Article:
Showdown over Sri Lanka reservoir

Sri Lanka has vowed to settle militarily a water supply dispute that the Tamil Tiger rebels say has re-ignited a civil war, hours after a rebel ambush killed at least 17 people.

    At least 67 people were killed in clashes on Monday

    Troops have had to advance through minefields to reach a waterway the government accuses the Liberation Tigers of Tamil Eelam (LTTE) of blocking to choke supplies to 50,000 people living on farmland in army-held territory.

    One army officer said getting to the rebel-held waterway could take two more days.

    The rebels surrounded the reservoir - which supplies the villages with drinking and irrigation water - on July 20, accusing the government of reneging on a promise to build a water tower for people living in rebel-held areas.

    At least 67 people were killed in clashes near Trincomalee and elsewhere on Monday.

    The island-nation's northeast is divided into government and rebel-held areas. The sluice gate is in a guerrilla-controlled territory but supplies water to government-held areas.

    A government official said cutting off the water was aimed at forcing the majority Sinhalese and Muslim populations out of ethnic Tamil areas.

    Navy attacked

    The military said Tamil Tigers artillery, mortar launchers and gunboats attacked a ship entering Trincomalee port, north of the reservoir.

    "As our passenger ship carrying 854 soldiers was entering the harbour, she was fired on by LTTE mortars and artillery," a military spokesman said. "She is now safely in harbour and there are no reports of casualties."

    Tamil Tigers said a naval fast-attack boat was sunk, the naval headquarters were hit and 14 sailors killed.
       
    The military has denied the claims.

    The navy said three small Sea Tiger craft were sunk and three damaged, including explosives-packed speedboats piloted by suicide bombers.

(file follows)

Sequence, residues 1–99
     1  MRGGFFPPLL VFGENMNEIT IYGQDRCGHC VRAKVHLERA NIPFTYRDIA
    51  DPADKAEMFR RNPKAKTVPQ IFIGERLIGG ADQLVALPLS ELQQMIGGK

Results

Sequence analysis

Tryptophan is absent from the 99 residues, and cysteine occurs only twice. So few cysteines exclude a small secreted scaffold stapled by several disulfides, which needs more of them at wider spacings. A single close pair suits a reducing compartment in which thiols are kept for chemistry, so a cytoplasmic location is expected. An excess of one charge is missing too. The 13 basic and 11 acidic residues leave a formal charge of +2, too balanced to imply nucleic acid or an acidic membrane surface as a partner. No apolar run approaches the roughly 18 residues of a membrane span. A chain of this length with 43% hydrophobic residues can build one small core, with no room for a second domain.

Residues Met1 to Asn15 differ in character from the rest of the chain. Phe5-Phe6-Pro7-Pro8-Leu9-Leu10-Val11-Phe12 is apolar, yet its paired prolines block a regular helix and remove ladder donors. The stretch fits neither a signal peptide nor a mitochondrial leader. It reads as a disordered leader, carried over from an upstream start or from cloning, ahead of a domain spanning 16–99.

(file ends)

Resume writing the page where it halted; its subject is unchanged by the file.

Aerial bombardment

    "In reality there is no ceasefire in Trincomalee, but the paper [truce] is still valid ... Call it a low-intensity war" 


    Major-General Ulf Henricsson, head of the Nordic mission that oversees the truce

    The air force has conducted  seven consecutive days of aerial bombings on rebel positions in the east.

    Analysts say the truce has ruptured and a two-decade war that killed more than 65,000 people since 1983 has resumed.

    Truce monitors believe that the ceasefire is dead in all but name and more than 830 people have been killed so far this year.

    While the government says it remains committed to the truce, the LTTE accuses the government of rendering it null and void.

    Talks on hold

    Major-General Ulf Henricsson, head of the unarmed Nordic mission that oversees the truce, said late on Monday that "in reality there is no ceasefire in Trincomalee, but the paper [truce] is still valid".

    "I still don't believe in a full-scale war ... Call it a low-intensity war," he said.

    Sweden has announced its 15 ceasefire observers will be pulled out of the country. Finland and Denmark announced similar moves last week. Norway and Iceland remain in the mission.

    The Tigers have pulled out of peace talks indefinitely, angry at the government's refusal to grant them a separate homeland for ethnic Tamils in the north and east, where they already run a de facto state that encompasses around 15% of the island.

    SOURCE: Unspecified


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